Russia bow out to Finland
Russia were dumped out of the men's ice hockey tournament as Finland produced a resolute defensive performance to win their quarter-final 3-1.
Zinetula Bilyaletdinov's star-studded team, among the pre-Games favourites, appeared on course for the Winter Olympics last four when Ilya Kovalchuk made the most of a powerplay to open the scoring.
Finland hit straight back through Juhamatti Aaltonnen's angled shot before Teemu Selanne completed the comeback just before the first intermission with a close-range finish.
The Finns made it three early in the second period as Mikael Granlund slotted home and there was no way back for Russia, who missed out on a semi-final against Sweden.
"The emotion we feel right now is disappointment, disappointment that we didn't live up to the hopes placed on us," said Russia forward Pavel Datsyuk.
Goaltender Sergei Bobrovski added: "I just feel empty, disappointed and empty inside."
The result continued Finland's fine form in Sochi. They thumped both Austria and Norway in the group stage and are now on the brink of a third successive Winter Olympics medal in the event after silver in 2006 and bronze four years ago.
"Of course it's an amazing feeling. We did this together, we played a tight D (defence) and we have one heck of a goalie (Tuukka Rask). This will keep us pushing into the next game," said defenceman Sami Vatanen.
"Today showed us that we can score some goals, too."
With Russia gone, defending champions Canada became the clear favourites for gold, but they made hard work of beating Latvia 2-1 in their own quarter-final.
Patrick Sharp gave them an early lead, but Lauris Darzins levelled for Latvia within two minutes and much frustration followed for the Canadians as they peppered Kristers Gudlevskis' goal without reward.
The breakthrough finally came within seven minutes left when Shea Weber fired it home through a crowd.
"I don't think you can worry," Weber said of the long search for a winner. "You're going to run into adversity; there are tough teams in this tournament, and there are games that might not go the way you want them to. So you have to stay even, and not get up-and-down."
Gudlevskis, who made 55 saves, said: "We did a great job, we tried. We left all our strength out there. There is not enough. It was exciting and hard."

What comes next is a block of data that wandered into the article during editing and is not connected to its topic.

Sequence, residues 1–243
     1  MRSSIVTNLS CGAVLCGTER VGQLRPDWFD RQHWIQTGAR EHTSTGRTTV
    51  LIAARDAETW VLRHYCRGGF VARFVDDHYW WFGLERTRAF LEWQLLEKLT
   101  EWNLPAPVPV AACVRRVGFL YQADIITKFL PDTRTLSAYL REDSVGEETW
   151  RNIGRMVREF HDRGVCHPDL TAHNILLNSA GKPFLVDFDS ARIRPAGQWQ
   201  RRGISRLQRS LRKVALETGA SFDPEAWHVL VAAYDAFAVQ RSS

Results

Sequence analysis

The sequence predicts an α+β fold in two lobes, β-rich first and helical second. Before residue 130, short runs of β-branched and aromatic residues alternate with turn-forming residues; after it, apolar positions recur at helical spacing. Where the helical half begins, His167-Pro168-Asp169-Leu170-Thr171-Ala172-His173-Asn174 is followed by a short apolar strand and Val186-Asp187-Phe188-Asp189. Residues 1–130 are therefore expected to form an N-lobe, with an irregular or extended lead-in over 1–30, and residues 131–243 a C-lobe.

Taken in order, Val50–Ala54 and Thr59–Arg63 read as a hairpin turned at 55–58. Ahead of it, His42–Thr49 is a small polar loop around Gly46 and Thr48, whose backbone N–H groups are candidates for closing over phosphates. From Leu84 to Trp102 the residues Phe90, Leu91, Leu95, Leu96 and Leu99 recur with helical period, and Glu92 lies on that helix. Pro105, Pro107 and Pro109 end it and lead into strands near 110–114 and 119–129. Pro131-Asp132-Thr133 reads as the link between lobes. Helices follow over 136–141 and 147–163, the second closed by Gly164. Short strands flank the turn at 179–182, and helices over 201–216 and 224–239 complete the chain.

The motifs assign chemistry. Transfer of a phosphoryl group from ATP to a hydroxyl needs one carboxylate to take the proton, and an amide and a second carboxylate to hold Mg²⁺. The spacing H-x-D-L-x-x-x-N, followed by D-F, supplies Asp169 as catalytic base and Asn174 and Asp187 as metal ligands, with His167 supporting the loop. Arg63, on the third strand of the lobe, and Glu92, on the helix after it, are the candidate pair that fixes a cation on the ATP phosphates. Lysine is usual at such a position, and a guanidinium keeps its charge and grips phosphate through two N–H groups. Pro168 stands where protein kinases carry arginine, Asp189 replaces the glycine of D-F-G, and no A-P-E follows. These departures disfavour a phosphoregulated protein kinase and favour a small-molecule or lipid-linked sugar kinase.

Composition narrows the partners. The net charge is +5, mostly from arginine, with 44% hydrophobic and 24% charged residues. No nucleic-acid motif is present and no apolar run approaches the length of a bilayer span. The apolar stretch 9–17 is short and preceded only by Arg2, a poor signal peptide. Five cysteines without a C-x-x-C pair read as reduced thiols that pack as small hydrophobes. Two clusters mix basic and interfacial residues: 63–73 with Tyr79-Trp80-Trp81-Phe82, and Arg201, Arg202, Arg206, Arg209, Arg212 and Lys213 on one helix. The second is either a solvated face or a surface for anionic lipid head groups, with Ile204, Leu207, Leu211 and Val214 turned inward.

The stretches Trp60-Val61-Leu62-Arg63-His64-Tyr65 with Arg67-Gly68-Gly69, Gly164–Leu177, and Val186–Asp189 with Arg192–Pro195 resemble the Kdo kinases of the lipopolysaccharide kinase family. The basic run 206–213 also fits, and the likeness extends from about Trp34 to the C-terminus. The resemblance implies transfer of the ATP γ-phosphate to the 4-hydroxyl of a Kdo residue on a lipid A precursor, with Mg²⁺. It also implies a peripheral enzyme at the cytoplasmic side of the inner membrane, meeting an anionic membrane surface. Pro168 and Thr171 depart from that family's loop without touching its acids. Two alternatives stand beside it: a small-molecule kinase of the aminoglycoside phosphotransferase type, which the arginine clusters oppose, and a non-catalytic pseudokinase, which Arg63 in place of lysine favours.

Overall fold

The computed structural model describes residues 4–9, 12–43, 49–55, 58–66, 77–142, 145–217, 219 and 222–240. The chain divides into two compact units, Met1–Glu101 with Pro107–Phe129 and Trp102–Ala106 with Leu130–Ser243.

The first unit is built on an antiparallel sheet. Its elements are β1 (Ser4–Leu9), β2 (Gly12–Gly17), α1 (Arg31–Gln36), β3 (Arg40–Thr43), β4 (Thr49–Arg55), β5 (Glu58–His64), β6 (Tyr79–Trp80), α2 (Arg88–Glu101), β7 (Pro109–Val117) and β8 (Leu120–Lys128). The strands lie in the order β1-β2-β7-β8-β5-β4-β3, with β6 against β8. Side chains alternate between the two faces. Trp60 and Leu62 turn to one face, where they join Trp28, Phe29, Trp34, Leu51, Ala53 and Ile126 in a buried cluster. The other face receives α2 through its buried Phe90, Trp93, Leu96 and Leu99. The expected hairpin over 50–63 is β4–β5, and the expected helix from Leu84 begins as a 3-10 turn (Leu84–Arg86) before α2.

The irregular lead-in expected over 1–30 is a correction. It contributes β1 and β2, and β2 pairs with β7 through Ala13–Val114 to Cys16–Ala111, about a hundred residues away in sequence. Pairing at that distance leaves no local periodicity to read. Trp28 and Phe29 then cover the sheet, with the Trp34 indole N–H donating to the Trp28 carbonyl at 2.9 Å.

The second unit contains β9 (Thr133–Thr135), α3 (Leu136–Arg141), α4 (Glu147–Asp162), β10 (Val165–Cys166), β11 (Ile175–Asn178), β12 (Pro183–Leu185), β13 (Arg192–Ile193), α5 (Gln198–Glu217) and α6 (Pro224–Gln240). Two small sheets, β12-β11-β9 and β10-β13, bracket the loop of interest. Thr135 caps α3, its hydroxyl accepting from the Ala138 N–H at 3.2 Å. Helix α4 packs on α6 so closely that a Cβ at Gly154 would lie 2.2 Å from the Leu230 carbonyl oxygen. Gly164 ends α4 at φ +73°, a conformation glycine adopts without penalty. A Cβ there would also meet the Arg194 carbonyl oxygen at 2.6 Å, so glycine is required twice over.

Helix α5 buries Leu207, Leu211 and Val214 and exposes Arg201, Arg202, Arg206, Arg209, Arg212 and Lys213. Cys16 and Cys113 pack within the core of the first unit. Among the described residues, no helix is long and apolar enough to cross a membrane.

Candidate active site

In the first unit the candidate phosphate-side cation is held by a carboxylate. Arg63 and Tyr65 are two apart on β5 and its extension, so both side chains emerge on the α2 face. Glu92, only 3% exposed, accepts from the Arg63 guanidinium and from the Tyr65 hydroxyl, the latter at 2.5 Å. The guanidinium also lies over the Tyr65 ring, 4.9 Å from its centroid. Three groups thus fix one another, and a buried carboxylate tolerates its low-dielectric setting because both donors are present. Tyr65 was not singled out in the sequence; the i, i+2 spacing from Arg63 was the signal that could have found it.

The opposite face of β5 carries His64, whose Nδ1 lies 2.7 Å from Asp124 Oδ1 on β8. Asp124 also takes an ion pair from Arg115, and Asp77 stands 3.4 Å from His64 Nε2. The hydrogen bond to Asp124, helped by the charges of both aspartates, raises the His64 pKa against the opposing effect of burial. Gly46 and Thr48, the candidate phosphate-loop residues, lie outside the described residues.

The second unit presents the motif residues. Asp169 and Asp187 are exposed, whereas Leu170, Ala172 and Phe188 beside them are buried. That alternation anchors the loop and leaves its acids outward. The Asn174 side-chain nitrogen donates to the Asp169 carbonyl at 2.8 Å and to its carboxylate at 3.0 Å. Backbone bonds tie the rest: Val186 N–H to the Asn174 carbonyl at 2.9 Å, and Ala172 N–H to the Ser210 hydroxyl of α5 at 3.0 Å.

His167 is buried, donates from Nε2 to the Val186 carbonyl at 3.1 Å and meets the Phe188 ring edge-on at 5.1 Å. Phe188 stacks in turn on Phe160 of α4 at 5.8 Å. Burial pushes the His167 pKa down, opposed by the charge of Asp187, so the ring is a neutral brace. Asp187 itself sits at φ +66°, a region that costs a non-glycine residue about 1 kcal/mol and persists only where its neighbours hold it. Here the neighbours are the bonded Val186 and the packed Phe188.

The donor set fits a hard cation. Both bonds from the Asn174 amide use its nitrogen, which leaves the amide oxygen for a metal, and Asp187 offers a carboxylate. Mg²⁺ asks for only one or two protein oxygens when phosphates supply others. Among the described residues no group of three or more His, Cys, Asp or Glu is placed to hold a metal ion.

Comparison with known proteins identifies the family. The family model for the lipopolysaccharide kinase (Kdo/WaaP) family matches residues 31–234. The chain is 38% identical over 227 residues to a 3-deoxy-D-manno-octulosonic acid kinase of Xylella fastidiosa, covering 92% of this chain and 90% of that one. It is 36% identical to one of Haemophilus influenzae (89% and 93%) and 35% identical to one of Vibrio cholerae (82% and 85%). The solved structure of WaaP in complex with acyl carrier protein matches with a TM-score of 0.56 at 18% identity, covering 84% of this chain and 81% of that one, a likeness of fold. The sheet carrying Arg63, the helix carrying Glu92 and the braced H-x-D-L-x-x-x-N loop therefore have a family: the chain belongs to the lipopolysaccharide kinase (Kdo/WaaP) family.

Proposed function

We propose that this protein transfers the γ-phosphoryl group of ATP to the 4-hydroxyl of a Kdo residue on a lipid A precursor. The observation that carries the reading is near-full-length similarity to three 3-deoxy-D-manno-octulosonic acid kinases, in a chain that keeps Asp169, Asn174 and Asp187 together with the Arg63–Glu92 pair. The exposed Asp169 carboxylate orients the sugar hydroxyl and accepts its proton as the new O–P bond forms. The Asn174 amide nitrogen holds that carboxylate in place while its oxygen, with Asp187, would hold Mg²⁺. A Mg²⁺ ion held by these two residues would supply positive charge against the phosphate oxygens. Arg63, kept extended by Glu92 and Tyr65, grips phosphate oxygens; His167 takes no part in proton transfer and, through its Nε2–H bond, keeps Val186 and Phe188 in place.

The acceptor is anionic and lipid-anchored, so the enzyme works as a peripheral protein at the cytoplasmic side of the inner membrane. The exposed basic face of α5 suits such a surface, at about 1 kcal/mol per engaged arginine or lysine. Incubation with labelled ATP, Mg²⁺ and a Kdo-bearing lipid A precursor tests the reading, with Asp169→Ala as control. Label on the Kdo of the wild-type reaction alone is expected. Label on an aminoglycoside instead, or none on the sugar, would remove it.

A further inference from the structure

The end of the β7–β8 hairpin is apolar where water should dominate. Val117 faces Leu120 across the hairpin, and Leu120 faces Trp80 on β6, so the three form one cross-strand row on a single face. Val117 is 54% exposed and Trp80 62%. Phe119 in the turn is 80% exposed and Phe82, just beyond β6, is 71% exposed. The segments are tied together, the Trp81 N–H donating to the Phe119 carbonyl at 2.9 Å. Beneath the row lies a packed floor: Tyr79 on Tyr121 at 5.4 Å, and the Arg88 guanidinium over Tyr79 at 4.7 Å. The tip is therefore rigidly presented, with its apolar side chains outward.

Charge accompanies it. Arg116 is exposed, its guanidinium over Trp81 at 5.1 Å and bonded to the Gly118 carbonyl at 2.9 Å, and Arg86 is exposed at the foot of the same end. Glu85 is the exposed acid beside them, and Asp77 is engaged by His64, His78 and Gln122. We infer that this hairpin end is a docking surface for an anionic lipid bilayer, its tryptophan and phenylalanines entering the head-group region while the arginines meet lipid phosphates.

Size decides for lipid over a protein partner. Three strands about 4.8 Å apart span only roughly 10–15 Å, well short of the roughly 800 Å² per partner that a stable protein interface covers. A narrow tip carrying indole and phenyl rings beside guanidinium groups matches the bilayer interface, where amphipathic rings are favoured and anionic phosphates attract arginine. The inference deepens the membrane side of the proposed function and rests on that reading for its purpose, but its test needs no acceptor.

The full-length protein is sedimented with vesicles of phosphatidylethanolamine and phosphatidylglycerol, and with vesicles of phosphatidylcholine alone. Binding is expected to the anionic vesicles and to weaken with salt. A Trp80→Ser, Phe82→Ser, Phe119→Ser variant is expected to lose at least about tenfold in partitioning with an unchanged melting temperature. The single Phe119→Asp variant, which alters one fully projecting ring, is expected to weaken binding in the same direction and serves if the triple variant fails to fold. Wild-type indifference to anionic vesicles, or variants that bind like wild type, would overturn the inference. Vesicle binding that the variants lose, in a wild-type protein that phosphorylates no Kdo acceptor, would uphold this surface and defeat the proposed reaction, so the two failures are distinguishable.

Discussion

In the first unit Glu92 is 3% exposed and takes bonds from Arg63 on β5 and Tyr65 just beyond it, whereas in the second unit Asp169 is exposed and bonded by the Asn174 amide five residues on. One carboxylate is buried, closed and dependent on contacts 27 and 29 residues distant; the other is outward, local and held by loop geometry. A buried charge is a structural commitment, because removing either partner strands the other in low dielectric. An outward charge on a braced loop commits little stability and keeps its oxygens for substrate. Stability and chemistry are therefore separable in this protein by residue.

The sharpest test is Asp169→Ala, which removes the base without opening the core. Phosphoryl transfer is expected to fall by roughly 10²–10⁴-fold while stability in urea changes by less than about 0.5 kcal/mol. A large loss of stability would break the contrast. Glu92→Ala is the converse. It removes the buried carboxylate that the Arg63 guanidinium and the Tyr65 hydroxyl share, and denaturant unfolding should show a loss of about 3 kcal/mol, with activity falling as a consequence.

His opposite number Carey Price agreed as he praised Gudlevskis.
"That was one of the best goaltending efforts I think I've ever seen," he said. "That was one heck of an effort."
Canada will face arch-rivals the United States in the last four after their North American neighbours enjoyed a routine 5-2 win over the Czech Republic.
Although Ales Hemsky cancelled out James Van Riemsdyk's opener, further goals from Dustin Brown, David Backes, Zach Parise and Phil Kessel saw the 2010 silver medallists through before Hemsky scored a second late on.
"It felt comfortable out there and it's always nice to go into the final stage of the game winning 5-1," said captain Parise.
"Internally we have high expectations and we are playing better as the tournament goes on. Hopefully we have saved our best for the last two games."
World champions and 2006 gold medallists Sweden will meet Finland after they eased into the last four and maintained their perfect record with a 5-0 victory over tournament debutants Slovenia.
Alexander Steen scored with only 90 seconds left of the first period to put Sweden, who qualified top of the play-off standings, in front.
Daniel Sedin netted a deserved second, his first in 23 games, for Sweden at the start of the third period before Loui Eriksson and Carl Hagelin with two added gloss to the scoreline.
"I think we're going in the right direction. Our first game was probably our worst game and this game was probably our best game. That's a good sign," said forward Sedin after the opening game of the day.
"We obviously have to be better to beat Russia or the Finns and I think we will be."